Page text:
2. If you plan to use this Raspberry Pi cluster for doing the The Linux Foundation's Kubernetes Fundamentals (LFS258) course you will run into occasional issues because some container images they use as part of the lessons will not have support for the arm64 platform.

Your other option is to setup a cloud kubernetes cluster. This is probably ideal if you plan on mostly working in the cloud or if you plan on doing the Kubernetes Fundamentals (LFS258) course and want to use non-arm64 platform images. The caveats to this setup are:

  1. It can get pretty expensive if you setup a cloud cluster and leave it sitting for any amount of time. To get around this I was spinning up a temporary cluster on GCP using terraform and kubespray which I would destroy at the end of the day when I was done doing course work. I generalized the tools and scripts I was using and documented it here if you would like to use it and go this route. There are also these contrib terraform scripts in the kubespray repo if you want to run on a different platform or try their GCP implementation.

  2. In my CKA setup scripts above I use kubespray to install Kubernetes on the cloud cluster. The CKA will expect you to understand and will have questions related to using kubeadm. While kubespray uses kubeadm behind the scenes to setup and join the cluster nodes you will not learn how to use kubeadm by using kubespray so you might plan to just provision the base nodes and manually use kubeadm to install kubernetes at least once when setting up your cluster. They will also expect you to manage parts of your etcd backend using etcdctl.

A few tips for the CKA

  1. Get used to creating Pods, Deployments, Services, etc using kubectl commands instead of writing manifests from scratch. e.g. kubectl run, kubectl create deploy, kubectl expose and so on. While I usually prefer creating a manifest file myself it is time consuming and prone to syntax errors.

  2. If you need a manifest (which you will sometimes) you can create a yaml base by using one of the kubectl commands above and output the results to a yaml to a file using --dry-run=client -o yaml. For example, to make a pod:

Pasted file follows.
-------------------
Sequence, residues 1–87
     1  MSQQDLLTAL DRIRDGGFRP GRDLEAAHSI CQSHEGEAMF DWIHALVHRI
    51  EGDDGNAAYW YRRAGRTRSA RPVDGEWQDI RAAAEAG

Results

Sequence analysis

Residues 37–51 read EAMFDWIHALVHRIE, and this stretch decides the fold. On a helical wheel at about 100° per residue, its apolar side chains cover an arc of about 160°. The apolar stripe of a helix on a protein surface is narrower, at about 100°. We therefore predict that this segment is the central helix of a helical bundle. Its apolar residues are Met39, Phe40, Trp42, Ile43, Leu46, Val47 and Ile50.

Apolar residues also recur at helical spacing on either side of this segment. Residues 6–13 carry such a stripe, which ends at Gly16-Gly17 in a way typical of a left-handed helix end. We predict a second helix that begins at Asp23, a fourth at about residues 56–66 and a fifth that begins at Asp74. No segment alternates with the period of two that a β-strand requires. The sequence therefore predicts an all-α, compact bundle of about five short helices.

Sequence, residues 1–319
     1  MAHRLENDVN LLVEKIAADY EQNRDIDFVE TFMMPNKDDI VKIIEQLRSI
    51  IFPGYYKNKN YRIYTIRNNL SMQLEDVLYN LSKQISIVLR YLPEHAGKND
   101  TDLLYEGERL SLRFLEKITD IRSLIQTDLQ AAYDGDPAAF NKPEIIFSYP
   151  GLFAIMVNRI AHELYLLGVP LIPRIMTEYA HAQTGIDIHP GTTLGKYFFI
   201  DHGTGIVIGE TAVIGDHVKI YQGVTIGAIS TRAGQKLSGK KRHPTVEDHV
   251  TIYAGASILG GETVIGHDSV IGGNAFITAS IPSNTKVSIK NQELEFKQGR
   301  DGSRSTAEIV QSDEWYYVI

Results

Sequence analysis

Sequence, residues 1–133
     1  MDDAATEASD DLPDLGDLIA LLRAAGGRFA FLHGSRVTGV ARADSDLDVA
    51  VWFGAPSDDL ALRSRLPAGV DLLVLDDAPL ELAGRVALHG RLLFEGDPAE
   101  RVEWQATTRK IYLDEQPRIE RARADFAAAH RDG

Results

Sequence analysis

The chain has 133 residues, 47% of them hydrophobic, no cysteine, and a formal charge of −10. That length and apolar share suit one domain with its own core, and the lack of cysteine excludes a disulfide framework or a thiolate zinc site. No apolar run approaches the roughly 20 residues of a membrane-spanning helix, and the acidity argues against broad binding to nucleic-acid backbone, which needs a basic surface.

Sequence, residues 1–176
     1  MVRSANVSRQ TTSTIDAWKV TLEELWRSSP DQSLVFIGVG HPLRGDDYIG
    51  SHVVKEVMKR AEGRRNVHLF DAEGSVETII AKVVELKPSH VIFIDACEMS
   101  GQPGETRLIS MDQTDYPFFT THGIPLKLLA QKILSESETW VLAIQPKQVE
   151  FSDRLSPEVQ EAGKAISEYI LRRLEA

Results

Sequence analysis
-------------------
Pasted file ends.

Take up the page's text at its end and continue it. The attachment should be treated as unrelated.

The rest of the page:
kubectl run nginx --image=nginx --dry-run=client -o yaml > pod-nginx.yaml

  1. Get used to poking around the kubectl help output with -h. You can use this flag at any level to get information on how to do very specific things. e.g. kubectl create deploy -h | less

  2. Be comfortable with vim. You don't need to be a vim ninja but you will be editing manifest files frequently in a terminal as well as writing your answers in files and you don't want to be putzing around trying to figure out what's wrong with vim while the clock is ticking.

  3. If you can, learn how to use tmux. The test will be taken on a remote desktop session with a single monitor. This will feel pretty foreign to people who are used to using multiple monitors for the last decade. For instance, trying to view the kubectl -h ouput while at the same time writing the commands into a vim session will be difficult if you're trying to drag multiple windows around in this tiny and laggy (actually it wasn't that bad, but you can feel it) remote desktop session. Even a a two-pane tmux session will be extremely helpful. It's also useful for copying and pasting within the terminal (the testing environment has a ctrl-c, ctrl-v gotcha you should be aware of).

  4. Be familiar with using kubernetes.io for documentation. However, you won't need it very often during the test if you familiarize yourself with the basic concepts and know how to use kubectl with its built-in documentation. You probably won't want to use it either as it can be quite verbose and often references topics that are not useful to the test problem at hand. At best you'll just be using it to copy/paste a few example manifests and hopefully not reading it to understand how something works (do that before the test).

Where to go from here

If at this point you've finished the CKA and haven't done Kubernetes The Hard Way I'd recommend giving it a go. There's also other kubernetes certifications you might be interested in: the Certified Kubernetes Application Developer (CKAD) and the Certified Kubernetes Security Specialist (CKS). From what I have heard the CKAD is just a simpler version of the CKA so unless you require it for some specific purpose there is no real reason to get it at this point. The CKS could be interesting if you're working more in the networking field and with cyber security. It has a completely separate set of curriculum it covers so if you're interested in going even further it might be worth looking into it. If that's the case I'd recommend getting a bundle that includes both the CKA and the CKS.

And with that farewell and good luck!